Georgian Patriarch opposes slander against Islam

Georgian Patriarch opposes slander against Islam

The sermons of the head of the Georgian Orthodox Church, Catholicos-Patriarch of All Georgia Ilia II, always draw the attention of the Georgian public. They are widely reported in the local media and politicians always try to act in accordance with the main message of the sermon, even if they are coupled with problems of a political nature.

This time his sermon was about the horrific terrorist attacks in Paris and attempts by certain forces to give a religious coloring to these crimes, explaining them by some 'inherent cruelty' supposedly inherent in Islam. However, the head of the Georgian Orthodox Church fundamentally disagrees with this interpretation, considering it unjust and even dangerous: mentioning the victims of the terrorist attack in the French capital and urging the faithful to pray for the repose of their souls, the Catholicos-Patriarch, at the same time, stressed that Islam "has absolutely nothing to do with it."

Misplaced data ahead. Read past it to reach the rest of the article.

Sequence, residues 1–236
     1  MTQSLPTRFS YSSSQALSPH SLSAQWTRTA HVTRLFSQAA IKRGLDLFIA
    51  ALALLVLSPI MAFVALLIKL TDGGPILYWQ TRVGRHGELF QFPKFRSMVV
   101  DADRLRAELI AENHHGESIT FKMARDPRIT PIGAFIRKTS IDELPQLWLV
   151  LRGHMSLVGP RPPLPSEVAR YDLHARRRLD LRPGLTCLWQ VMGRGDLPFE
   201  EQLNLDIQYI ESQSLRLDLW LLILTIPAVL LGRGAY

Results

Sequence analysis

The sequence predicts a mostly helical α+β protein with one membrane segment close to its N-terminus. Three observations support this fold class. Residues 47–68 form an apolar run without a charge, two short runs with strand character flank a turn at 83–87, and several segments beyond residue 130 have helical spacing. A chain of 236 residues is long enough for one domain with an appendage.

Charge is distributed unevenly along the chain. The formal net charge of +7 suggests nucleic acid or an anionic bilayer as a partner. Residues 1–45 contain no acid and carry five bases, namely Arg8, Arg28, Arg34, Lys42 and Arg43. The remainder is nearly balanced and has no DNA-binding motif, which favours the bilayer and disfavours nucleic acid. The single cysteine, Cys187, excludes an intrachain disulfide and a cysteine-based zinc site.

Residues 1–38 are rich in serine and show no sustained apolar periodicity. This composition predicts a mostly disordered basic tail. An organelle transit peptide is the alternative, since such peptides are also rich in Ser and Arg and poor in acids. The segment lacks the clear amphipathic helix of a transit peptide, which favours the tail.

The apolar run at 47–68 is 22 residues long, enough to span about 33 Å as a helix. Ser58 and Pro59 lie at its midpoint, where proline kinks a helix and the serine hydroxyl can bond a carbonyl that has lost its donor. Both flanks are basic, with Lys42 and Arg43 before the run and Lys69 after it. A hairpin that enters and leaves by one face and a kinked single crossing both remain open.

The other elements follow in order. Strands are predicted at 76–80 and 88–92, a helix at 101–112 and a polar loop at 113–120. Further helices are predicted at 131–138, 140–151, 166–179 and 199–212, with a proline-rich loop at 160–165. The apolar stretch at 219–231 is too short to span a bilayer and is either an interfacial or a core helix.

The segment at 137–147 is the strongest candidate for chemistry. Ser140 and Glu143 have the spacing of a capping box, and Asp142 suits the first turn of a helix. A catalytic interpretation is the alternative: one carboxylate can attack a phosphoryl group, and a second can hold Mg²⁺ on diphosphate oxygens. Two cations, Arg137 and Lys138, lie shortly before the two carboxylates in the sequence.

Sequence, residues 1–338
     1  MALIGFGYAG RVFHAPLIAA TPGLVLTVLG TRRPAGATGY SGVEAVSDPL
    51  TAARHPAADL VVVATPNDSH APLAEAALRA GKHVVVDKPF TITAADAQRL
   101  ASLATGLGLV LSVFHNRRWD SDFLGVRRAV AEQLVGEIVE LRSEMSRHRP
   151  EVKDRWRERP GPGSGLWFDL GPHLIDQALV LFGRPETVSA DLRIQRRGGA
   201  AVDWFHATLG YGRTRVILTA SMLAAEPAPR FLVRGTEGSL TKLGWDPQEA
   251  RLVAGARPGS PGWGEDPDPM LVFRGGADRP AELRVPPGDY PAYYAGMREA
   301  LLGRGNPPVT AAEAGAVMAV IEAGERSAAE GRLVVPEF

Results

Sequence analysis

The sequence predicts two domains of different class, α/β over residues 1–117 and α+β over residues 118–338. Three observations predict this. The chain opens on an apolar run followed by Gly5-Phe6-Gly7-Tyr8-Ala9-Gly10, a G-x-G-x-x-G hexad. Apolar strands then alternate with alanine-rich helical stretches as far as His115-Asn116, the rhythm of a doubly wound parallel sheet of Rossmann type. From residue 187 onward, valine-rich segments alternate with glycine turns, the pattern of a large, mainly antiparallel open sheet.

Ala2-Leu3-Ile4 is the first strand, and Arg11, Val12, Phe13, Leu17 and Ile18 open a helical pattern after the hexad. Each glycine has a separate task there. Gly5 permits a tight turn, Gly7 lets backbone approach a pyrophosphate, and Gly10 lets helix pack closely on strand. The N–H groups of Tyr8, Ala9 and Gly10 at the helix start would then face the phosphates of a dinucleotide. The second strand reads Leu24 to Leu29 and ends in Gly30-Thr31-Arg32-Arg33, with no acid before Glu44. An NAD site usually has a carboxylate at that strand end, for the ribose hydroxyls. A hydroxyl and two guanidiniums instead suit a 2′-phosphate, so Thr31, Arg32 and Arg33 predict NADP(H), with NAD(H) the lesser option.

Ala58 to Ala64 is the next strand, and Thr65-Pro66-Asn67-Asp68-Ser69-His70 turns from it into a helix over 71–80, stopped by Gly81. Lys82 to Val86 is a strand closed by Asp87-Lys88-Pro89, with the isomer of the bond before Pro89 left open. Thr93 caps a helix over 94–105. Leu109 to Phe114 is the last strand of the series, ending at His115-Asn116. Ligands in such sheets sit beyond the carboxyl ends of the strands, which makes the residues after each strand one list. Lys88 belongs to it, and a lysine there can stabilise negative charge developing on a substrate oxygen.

"We live in times when good and evil are fighting each other. It has always existed, but it has particularly intensified in recent years," he said.

"You know, there was the explosion of the aircraft, and we mourn with the people of France, where there were many victims, we pray for the repose of their souls," Ilia II said, rejecting any attempts to link the incident to the Islamic religion.

"There are people who associate it with religion, the Muslim religion, but in fact it is not a religion but a particular person manifesting his evil will,"  the Catholicos-Patriarch pointed out, he also blessed survivors and wished the wounded health.

Along with the statement of the Catholicos-Patriarch, the Supreme Council of Muslims of Georgia condemned the barbaric terrorist attacks in the French capital. "It is a crime not only against the French people, but also the entire international community, which has nothing to do with any religion and which has not the slightest excuse," the statement by the religious leaders of Georgian Muslims said.

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